عوامل پیش بینی شناخت در روان پریشی اپیزود اول
|کد مقاله||سال انتشار||مقاله انگلیسی||ترجمه فارسی||تعداد کلمات|
|31994||2014||6 صفحه PDF||سفارش دهید||محاسبه نشده|
Publisher : Elsevier - Science Direct (الزویر - ساینس دایرکت)
Journal : Schizophrenia Research, Volume 152, Issue 1, January 2014, Pages 164–169
Purpose Cognitive deficits are common in the first episode of psychosis (FEP) and may begin much earlier. While some evidence suggests that the decline in cognition occurs over the untreated symptomatic period, including the prodromal phase, others point to these deficits being present even earlier. We aimed to investigate the differential effect of untreated symptomatic and pre-morbid phases on cognition in a large sample of FEP. Methods Two hundred and sixty eight FEP patients, admitted into a specialized early intervention service, were administered neuro-cognitive tests. The Circumstances of Onset and Relapse Schedule (CORS) was administered for measurement of duration of untreated psychosis (DUP), the duration of untreated illness (DUI) and demographic factors. The Pre-morbid Adjustment Scale (PAS) was used to measure different domains of pre-morbid adjustment. Seventy three healthy controls were also recruited for neuro-cognitive comparison. Results We observed no effect of DUP and a minimal effect of DUI on cognitive functioning in FEP. Instead, the early educational pre-morbid adjustment domain was most strongly associated with cognition and predicted both global cognitive and verbal memory outcome in FEP. Conclusion Our results suggest that symptoms associated with the symptomatic phase of a FEP do not influence cognitive functioning in FEP. Instead, cognitive deficits in FEP may predate illness onset and may indicate susceptibility to such illness.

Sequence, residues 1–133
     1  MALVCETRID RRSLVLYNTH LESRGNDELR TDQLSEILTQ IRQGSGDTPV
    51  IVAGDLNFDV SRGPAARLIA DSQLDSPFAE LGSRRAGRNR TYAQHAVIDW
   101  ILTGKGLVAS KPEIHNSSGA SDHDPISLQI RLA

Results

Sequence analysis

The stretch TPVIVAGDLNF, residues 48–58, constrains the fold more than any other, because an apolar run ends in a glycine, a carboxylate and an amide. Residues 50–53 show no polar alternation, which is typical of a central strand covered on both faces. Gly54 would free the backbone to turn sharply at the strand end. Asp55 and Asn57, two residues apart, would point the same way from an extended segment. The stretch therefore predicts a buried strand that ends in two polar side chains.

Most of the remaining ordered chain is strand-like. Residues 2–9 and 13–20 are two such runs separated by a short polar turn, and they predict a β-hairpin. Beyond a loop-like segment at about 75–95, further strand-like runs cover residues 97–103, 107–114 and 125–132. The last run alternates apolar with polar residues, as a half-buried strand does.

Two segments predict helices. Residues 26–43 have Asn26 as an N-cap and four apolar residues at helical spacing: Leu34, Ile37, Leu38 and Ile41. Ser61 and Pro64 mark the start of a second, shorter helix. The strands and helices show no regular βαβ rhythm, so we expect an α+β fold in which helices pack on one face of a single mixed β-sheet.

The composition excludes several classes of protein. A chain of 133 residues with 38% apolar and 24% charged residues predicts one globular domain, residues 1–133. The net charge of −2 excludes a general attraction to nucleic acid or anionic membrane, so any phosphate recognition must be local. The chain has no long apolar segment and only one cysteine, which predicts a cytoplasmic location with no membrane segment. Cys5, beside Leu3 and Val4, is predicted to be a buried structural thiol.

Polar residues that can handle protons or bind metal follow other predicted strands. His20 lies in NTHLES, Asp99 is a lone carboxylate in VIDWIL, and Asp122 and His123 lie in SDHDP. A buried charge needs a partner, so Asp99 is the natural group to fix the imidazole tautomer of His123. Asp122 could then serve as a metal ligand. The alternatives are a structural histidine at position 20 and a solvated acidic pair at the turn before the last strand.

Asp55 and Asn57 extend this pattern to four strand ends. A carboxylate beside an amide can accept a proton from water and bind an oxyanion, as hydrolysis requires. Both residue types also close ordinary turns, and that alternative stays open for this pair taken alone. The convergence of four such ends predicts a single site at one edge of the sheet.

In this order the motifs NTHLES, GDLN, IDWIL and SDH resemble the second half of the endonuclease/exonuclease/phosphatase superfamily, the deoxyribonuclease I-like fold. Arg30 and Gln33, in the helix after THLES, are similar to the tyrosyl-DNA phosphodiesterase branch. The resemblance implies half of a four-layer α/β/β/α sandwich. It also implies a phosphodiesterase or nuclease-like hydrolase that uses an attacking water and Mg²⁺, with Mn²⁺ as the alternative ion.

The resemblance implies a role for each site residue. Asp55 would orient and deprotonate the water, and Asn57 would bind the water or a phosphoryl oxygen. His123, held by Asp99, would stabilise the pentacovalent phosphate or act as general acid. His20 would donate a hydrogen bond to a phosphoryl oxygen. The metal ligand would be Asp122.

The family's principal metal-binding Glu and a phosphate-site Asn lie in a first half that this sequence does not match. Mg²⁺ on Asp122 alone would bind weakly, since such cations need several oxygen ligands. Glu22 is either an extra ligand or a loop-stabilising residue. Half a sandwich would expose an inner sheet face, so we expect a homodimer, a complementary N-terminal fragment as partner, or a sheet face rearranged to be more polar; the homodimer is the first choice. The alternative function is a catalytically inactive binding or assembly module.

Cognitive deficits are regarded as a fundamental feature of schizophrenia and related psychotic disorders (Milev et al., 2005). Compared to healthy controls, greatest impairments are reported in the domains of memory, attention, and executive function (Dickinson et al., 2004, Mesholam-Gately et al., 2009 and Holmén et al., 2010) and are linked to functional outcomes including independent living, occupational status, social relationships, and overall community behavior (Green and King, 1996, Green et al., 2000 and Leeson et al., 2009). As current treatments of these deficits are limited, they often persist throughout the course of illness (Harvey and Penn, 2010). Cognitive deficits are present at the time of presentation of treatment of the first episode of psychosis (FEP) (Mesholam-Gately et al., 2009) and to a lesser extent, prior to any psychotic symptoms, in both the pre-morbid as well as prodromal phases of illness (MacCabe, 2008, Woodberry et al., 2008 and Fusar-Poli et al., 2012). These deficits tend to remain stable from FEP to later stages of the illness with some possible decline in the later stages due to normal aging and medication effects (Zipursky et al., 2012). A recent meta-analysis reported medium deficits (ES = − 0.54) in the high risk stage (HR), likely representing the late prodromal phase, compared with larger deficits in FEP (ES = − 0.91) that remained relatively unchanged in the chronic phase (ES = − 0.96) (Mesholam-Gately et al., 2009). While the meta-analysis of cognition in the HR phase attempted to delineate the pre-morbid (asymptomatic) from the prodromal phase of illness by separating results of cognitive tests conducted during childhood from those in adolescence (Mesholam-Gately et al., 2009), this division is challenged by the inclusion of studies that did not specify participant age or used overlapping age ranges. Their conclusion of no deterioration in cognition between childhood and adolescence (MeshalomGately et al., 2009) is in contradiction to several studies reporting an increase in deficits over this transitional period (Watt and Lubensky, 1976, Jones et al., 1994, Bilder et al., 2006, Seidman et al., 2010 and MacCabe et al., 2013). What remains unclear is the extent to which the severity of cognitive deficits reported at the time of treatment of a FEP is accounted for by a decline that accompanies the onset of non-psychotic (prodromal phase) and/or psychotic symptoms or by cognitive deterioration that predates the onset of any symptoms, in early childhood or the early adolescence pre-morbid period. This may have some practical significance as any deterioration that accompanies onset of symptoms may be subject to intervention through early identification and interventions during the prodromal (such as, high risk mental states) and/or through early treatment of psychotic symptoms (Perkins et al., 2005). The link between the duration of untreated psychosis (DUP) and outcome is hypothesized to be mediated through a toxic effect on brain function (Wyatt, 1991), the latter likely to be represented by cognitive functions should hence reflect an association between duration of untreated psychotic symptoms and cognition. Similarly, the duration of untreated illness (DUI), which incorporates the prodromal as well as the untreated psychotic phase, may have a detrimental effect on long-term cognition but one that begins several years earlier with the start of non-specific symptoms such as depression and anxiety (McGlashan and Johannessen, 1996). While both hypotheses of the effect of DUP and DUI on cognition suggest the impact of either non-psychotic or psychotic symptoms on cognition, measures of pre-morbid adjustment, before the onset of any symptoms, imply a possible role for early neuro-developmental processes (MacCabe and Murray, 2004 and Demjaha et al., 2012), early environmental stressors (Wicks et al., 2005) and individual factors such as sex and substance abuse status (Rund et al., 2004). Among the studies investigating the effect of either DUP or DUI on cognitive functioning in psychosis, six have reported longer DUP to be associated with increased cognitive dysfunction (Scully et al., 1997, Amminger et al., 2002 and Joyce et al., 2005Lappin et al., 2007, Primavera et al., 2012 and Chang et al., 2012) while an equal number report no effect (Norman et al., 2001, Ho et al., 2003 and Addington et al., 2003Rund et al., 2007, Barnes et al., 2008 and Goldberg et al., 2009). None of the three studies that examined the effect of DUI on cognition found a relationship between the two (Scully et al., 1997, Hoff et al., 2000 and Keshavan et al., 2003), although not all used DUI as a primary independent measure. A recent meta-analysis (Bora and Murray, in press) found no deterioration in cognition between baseline and various lengths of follow-up (between 6 months and 5 years) for both those at Ultra High Risk (UHR) and those with an FEP suggesting that the extent of cognitive deficits seen in psychosis occur much earlier, prior to even the prodromal phase (Bora and Murray, in press). Studies that have investigated the association between pre-morbid adjustment and cognition have found either specific (e.g. Silverstein et al., 2002, Larsen et al., 2004, Addington and Addington, 2005 and Chang et al., 2013) or general cognitive deficits (Rabinowitz et al., 2006). Another recent study reported the degree of poverty of pre-morbid adjustment to be related to the severity, as opposed to the type, of cognitive deficits in FEP (Bechard-Evans et al., 2010). These discrepancies of the impact of symptomatic stages versus childhood and early adolescence factors on cognitive function in psychosis derived from multiple samples might be resolved by comparing the putative influence of these stages on cognitive functioning within the same group of FEP individuals. Therefore, our objective was to investigate cognitive deficits in the pre-morbid, prodromal, and untreated psychotic phases of illness and their potentially differential effect on cognitive functioning in a large sample of FEP through measures of pre-morbid adjustment, DUI, and DUP, while controlling for additional variables such as sex and substance abuse status that are known to influence cognitive functions. Given the equivocal results of previous research investigating the impact on cognition of the pre-morbid, prodromal, or untreated phases of the psychotic illness, no a-priori hypothesis is presented.